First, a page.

The Biden administration has defended its decision not to sanction Saudi crown prince Mohammed bin Salman for his role in the murder of journalist Jamal Khashoggi, amid growing criticism of its stance.
US president Joe Biden released an intelligence report on Friday that concluded the 35-year-old Saudi heir approved the operation that led to the murder and dismemberment of the Washington Post columnist in the Saudi consulate in Istanbul in 2018.
But while the US unveiled new sanctions on the former Saudi deputy chief of intelligence, Ahmed al-Asiri, a close ally of the crown prince, and the Saudi royal family’s rapid intervention force, it stopped short of directly punishing bin Salman.
Pressed on the issue at Monday's White House media briefing, press secretary Jen Psaki defended the administration's actions. "We took a number of steps that were considered and determined by our national security team to have the intended impact of this never happening again," she said.
She noted that the state department had also introduced a new class of sanctions that would ban visas to anyone linked to the detention of dissidents or journalists worldwide.
But she added that Mr Biden recognised “that there are areas we need to continue to work together on because they are in the interest of the United States”.
Ms Psaki was speaking after Khashoggi's fiancee criticised the US failure to directly punish Saudi Arabia's de facto ruler. "It is essential that the crown prince, who ordered the brutal murder of a blameless and innocent person, should be punished without delay," Hatice Cenzig said in a statement.
While welcoming the release of the report, she said “this is not enough, since the truth can only be meaningful when it serves justice being achieved”.
Several high-profile commentators in the US have strongly criticised the Biden administration's decision, including Washington Post publisher Fred Ryan.
"Hoping that American values would once again be asserted rather than the commercial calculations of the previous administration, American voters took Biden at his word that he would re-establish the United States as a champion of human rights and not allow exceptions based on personal relationships or strategic needs of the moment," he wrote. Instead, Mohammed bin Salman "is about to escape personal liability for a murder he ordered".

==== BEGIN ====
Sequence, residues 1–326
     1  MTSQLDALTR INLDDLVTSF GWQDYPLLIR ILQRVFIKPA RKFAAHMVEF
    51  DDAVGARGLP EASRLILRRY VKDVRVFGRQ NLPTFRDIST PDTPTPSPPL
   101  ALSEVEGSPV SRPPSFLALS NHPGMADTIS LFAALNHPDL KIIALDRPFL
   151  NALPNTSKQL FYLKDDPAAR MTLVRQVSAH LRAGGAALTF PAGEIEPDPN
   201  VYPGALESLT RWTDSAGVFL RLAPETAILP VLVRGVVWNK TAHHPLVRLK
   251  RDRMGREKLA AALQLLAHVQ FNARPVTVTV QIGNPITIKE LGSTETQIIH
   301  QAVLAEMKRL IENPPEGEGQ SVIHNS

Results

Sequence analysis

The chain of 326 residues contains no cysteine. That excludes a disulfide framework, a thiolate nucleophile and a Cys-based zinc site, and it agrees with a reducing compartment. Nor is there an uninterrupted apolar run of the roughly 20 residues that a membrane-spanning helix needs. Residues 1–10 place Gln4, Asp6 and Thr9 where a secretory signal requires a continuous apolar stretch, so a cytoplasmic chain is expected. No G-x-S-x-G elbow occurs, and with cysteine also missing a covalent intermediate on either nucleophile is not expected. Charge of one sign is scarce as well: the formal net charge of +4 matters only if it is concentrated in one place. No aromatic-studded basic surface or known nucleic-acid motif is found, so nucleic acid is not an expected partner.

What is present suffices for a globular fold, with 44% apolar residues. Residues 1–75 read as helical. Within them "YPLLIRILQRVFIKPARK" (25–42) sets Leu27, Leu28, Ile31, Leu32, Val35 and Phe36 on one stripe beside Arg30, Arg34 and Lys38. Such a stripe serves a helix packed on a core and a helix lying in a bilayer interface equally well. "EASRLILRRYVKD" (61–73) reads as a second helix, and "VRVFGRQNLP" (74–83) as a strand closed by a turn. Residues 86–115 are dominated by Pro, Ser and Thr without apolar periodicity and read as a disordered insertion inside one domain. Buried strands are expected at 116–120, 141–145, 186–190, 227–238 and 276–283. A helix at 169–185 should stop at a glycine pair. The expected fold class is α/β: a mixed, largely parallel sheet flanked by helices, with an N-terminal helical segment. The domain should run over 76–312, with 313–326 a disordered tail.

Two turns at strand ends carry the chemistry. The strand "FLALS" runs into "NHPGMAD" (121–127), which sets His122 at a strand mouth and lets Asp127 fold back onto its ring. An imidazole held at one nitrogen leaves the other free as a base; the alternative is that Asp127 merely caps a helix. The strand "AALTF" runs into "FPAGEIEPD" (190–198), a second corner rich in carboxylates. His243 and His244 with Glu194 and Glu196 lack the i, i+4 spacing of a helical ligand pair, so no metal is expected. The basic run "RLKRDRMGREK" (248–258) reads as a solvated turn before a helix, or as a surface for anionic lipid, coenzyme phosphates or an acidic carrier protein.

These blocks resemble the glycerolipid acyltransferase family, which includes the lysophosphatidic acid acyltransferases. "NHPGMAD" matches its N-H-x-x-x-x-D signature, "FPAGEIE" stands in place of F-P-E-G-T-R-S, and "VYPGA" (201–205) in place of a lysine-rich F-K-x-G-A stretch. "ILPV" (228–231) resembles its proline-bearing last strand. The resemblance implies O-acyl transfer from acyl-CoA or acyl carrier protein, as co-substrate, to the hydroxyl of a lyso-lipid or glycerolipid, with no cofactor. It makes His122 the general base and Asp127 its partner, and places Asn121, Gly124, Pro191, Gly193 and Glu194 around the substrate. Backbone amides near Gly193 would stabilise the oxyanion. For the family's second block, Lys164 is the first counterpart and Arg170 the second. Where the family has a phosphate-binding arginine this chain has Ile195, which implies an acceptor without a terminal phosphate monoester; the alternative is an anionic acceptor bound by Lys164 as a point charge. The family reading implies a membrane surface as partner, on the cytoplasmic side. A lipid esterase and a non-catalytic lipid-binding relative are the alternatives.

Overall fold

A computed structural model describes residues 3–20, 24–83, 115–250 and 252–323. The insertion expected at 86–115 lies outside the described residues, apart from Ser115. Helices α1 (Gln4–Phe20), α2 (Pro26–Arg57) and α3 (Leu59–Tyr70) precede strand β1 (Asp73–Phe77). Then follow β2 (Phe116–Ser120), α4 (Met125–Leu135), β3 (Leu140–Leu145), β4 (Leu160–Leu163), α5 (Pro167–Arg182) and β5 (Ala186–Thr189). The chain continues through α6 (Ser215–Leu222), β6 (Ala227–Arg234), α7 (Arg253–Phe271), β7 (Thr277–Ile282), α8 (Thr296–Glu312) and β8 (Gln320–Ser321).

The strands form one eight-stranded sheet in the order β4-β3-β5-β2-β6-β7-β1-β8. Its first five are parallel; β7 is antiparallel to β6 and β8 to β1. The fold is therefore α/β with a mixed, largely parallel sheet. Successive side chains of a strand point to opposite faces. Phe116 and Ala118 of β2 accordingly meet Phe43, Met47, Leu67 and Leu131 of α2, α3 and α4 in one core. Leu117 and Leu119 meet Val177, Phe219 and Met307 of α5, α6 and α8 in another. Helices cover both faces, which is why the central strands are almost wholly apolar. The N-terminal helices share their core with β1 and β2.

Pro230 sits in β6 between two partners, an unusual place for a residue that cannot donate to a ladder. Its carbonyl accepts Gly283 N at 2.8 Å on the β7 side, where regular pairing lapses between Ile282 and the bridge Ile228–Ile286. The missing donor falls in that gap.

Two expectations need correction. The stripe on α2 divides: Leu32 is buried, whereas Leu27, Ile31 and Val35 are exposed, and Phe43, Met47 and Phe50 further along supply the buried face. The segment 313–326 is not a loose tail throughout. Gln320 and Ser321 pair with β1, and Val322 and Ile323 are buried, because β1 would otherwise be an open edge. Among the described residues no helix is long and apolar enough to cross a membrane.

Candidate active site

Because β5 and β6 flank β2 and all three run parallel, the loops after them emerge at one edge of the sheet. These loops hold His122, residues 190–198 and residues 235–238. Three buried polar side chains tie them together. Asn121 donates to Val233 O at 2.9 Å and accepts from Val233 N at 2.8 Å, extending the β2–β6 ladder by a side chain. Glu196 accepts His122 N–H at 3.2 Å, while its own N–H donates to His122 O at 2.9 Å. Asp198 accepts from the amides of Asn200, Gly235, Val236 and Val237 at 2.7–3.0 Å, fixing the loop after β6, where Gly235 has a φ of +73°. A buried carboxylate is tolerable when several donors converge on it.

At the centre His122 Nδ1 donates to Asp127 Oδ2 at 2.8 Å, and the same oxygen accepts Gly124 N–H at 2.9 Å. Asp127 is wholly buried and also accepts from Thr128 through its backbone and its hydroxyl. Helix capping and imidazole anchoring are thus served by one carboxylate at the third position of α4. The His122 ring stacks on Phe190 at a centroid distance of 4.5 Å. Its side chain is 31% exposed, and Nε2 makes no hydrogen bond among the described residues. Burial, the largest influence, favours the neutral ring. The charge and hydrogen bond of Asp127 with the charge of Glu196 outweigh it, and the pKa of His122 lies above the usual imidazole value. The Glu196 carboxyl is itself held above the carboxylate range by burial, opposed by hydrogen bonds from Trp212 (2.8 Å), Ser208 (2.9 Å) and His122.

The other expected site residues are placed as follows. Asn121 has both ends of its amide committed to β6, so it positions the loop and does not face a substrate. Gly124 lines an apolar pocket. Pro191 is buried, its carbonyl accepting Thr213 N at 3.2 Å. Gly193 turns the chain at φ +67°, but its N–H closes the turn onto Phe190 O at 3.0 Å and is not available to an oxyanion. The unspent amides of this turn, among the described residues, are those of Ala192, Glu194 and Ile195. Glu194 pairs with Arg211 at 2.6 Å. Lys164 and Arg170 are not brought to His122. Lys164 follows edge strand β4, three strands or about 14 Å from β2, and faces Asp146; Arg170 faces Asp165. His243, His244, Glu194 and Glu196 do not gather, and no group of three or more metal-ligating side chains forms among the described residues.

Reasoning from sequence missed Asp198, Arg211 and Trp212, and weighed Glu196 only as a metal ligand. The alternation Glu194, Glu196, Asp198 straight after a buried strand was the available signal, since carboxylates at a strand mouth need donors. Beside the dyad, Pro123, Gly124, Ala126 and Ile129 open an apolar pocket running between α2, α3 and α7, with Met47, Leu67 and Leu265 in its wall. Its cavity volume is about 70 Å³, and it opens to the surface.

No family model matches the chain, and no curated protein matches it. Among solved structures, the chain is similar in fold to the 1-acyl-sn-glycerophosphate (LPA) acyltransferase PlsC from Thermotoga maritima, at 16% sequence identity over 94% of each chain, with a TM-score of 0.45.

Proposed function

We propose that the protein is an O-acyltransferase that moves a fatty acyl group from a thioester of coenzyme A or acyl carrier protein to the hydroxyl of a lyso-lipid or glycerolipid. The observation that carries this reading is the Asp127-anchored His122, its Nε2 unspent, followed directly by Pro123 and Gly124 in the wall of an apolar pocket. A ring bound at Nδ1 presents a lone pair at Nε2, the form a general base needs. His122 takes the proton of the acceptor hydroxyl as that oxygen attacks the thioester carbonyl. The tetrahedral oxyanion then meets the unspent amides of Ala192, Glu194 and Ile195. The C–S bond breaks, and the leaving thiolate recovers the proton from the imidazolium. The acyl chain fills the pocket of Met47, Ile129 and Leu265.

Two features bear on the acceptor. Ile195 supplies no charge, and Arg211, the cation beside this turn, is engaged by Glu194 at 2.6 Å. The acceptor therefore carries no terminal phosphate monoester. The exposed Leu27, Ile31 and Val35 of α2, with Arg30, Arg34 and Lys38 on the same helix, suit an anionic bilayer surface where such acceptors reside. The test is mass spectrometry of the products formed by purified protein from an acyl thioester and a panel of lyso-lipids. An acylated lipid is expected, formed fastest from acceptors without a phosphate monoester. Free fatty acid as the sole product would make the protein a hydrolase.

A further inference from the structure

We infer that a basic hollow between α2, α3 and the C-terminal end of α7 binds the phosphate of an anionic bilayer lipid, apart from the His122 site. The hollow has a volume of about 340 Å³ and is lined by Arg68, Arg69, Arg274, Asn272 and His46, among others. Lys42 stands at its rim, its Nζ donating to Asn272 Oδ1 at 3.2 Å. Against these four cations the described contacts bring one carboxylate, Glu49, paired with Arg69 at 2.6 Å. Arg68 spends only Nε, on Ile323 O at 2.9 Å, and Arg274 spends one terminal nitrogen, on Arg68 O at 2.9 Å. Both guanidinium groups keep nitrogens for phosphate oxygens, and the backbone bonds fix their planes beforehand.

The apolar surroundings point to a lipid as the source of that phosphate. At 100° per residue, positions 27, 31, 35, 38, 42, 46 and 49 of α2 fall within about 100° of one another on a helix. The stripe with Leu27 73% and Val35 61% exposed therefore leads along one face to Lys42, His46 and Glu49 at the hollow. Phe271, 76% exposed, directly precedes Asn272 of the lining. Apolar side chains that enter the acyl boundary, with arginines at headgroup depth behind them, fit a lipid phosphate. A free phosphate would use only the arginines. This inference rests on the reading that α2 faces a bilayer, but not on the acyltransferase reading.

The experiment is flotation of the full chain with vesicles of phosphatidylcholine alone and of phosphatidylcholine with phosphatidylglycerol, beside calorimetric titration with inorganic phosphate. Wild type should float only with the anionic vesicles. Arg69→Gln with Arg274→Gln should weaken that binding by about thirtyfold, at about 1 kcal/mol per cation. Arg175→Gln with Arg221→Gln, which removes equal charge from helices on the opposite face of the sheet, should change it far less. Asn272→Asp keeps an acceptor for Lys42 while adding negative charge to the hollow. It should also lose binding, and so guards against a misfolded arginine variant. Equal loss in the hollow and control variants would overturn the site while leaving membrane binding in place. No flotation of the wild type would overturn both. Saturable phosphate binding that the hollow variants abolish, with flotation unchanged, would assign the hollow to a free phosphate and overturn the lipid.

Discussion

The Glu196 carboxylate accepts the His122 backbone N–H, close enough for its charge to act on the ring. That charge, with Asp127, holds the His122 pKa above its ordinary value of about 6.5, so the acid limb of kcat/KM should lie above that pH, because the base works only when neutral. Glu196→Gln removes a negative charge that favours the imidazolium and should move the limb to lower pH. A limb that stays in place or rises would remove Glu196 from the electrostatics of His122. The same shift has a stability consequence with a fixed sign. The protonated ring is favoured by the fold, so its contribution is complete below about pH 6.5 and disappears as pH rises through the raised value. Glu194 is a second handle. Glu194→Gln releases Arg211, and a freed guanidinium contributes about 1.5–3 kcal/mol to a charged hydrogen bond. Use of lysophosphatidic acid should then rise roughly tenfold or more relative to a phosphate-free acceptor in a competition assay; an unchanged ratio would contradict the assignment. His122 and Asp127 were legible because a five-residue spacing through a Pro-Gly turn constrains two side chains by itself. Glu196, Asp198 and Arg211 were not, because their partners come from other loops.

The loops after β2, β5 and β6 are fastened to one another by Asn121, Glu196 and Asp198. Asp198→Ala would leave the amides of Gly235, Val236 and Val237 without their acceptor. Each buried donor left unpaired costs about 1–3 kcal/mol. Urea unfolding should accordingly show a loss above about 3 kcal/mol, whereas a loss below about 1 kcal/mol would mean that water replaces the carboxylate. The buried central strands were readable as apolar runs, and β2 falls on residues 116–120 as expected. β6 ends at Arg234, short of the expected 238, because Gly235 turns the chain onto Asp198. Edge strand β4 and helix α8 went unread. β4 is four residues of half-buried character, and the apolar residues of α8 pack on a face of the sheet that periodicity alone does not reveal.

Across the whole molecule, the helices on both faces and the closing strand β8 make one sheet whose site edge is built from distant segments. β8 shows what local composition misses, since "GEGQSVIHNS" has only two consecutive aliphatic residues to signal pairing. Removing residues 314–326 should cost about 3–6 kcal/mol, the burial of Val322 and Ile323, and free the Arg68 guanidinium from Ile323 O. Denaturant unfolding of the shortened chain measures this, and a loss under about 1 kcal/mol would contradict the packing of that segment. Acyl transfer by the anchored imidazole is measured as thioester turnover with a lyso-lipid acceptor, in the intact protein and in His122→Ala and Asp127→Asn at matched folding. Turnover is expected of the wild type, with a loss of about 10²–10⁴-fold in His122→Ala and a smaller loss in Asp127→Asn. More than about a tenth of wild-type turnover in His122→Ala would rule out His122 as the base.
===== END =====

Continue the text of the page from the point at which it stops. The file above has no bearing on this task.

Agnes Callamard, a UN special rapporteur who led a 2018 investigation into Khashoggi's murder, said it was "extremely dangerous" for the US to have named the crown prince in the report and not take action against him, as she reiterated her call for sanctions.
Meanwhile, at the UN, newly appointed US ambassador Linda Thomas Greenfield faced questions about the situation in Myanmar as the United States assumed the monthly rotating presidency of the Security Council.
It comes as Myanmar's military rulers said they had fired the country's ambassador to the United Nations, Kyaw Moe Tun, a day after he delivered a speech denouncing last month's coup.
Ms Thomas-Greenfield said that, as it stood, the UN continued to recognise Mr Kyaw Moe Tun as the country’s rightful ambassador. “We have not seen any official request that he be removed and for the time being he is the representative of the Myanmar government,” she said.
According to the UN, 18 people were killed on Sunday when the military fired into crowds of protesters who had gathered in several cities. Ousted leader Aung San Suu Kyi appeared at a court hearing via video conferencing on Monday as supporters continued to march in the streets.
US national security Advisor Jake Sullivan said the US was "alarmed" at the escalation of violence and is preparing "additional actions to impose further costs on those responsible for this latest outbreak of violence and the recent coup".